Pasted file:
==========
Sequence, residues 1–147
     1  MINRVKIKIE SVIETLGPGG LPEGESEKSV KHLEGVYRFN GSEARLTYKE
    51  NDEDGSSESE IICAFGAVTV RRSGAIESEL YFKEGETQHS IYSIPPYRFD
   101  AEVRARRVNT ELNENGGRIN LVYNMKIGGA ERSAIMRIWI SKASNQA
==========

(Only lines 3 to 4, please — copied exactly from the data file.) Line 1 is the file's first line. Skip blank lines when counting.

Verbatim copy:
    51  NDEDGSSESE IICAFGAVTV RRSGAIESEL YFKEGETQHS IYSIPPYRFD
   101  AEVRARRVNT ELNENGGRIN LVYNMKIGGA ERSAIMRIWI SKASNQA